At the moment, Curtis McRae has $120,000 of grain sitting in a massive metal container on his farm. But, thanks to a service backlog by Canada’s biggest railway, he has no idea when it will be brought to market.

As Canadian farmers prepare for their 2018 harvests, many are still trying to offload last year’s crops. About 28,000 carloads of grain – equivalent to $500 million – are waiting to be transported via rail.

“We’re starting to see some price hits because it’s hard to move because nobody wants it right now,” McCrae told CTV News.

The company first apologized for the backlog last month, just two days after it dumped its president and CEO. It has since offered incentives to employees and recently-retired workers to help get the grain moving.

CN Rail says that weather, machinery and resources have led to a slowdown in services.

CN spokesperson Kate Fenske admitted that the company has “not met expectations this year.”

“We understand that. We’re sorry for that. Really what we’re trying to do now is catch up on the backlog and focus on moving forward of how we move Canada’s crop to market.”

The frustrating situation has some farmers calling for solutions. Legislation before the Senate could slap tough financial penalties on railways over delays.

Agriculture Minister Lawrence MacAuley said the federal government intends to address the issue.

“There is problem. We know that. And we are going to deal with it,” MacAuley said.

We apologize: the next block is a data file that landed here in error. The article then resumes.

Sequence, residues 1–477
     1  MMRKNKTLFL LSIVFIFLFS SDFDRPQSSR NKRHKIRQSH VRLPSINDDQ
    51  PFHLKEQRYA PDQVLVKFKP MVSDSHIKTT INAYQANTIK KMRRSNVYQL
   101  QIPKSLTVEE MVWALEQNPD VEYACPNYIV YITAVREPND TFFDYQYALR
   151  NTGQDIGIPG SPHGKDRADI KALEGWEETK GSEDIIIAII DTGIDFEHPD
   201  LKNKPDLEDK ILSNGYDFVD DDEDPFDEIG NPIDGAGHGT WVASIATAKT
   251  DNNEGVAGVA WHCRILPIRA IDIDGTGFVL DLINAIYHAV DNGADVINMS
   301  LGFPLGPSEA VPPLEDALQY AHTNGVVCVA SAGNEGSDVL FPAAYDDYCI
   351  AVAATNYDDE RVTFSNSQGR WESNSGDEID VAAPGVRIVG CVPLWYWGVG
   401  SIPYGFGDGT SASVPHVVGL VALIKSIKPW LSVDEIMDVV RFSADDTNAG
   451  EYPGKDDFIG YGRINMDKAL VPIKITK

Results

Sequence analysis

But some advocates are asking for more assurances so that farmers’ crops don’t end up sitting around for months – potentially putting them at risk of spoiling.

Manitoba Agriculture Minister Ralph Eichler called for a complete change in the way business is done.

“We have to react to make sure we live up to our commitments to getting those products to market,” Eichler said.

In a letter to the editor being sent to western newspapers, Conservative transport critic Kelly Block and agriculture critic Luc Berthold say that farmers and rail shippers have "bore the cost of the Liberal's mismanagement of the rail sector."

They are calling on Transport Minister Marc Garneau to accept amendments coming from the Senate to Bill C-49, the Transportation Modernization Act. The Conservative critics say these changes, some of which they first proposed in the House but were shot down, are "needed" to address rail backlog issues.

CN said it has invested more than $250 million into building new track and yard capacity in Western Canada and has leased 130 new locomotives to boost capacity.

With files from CTV’s Manitoba Bureau Chief Jill Macyshon and The Canadian Press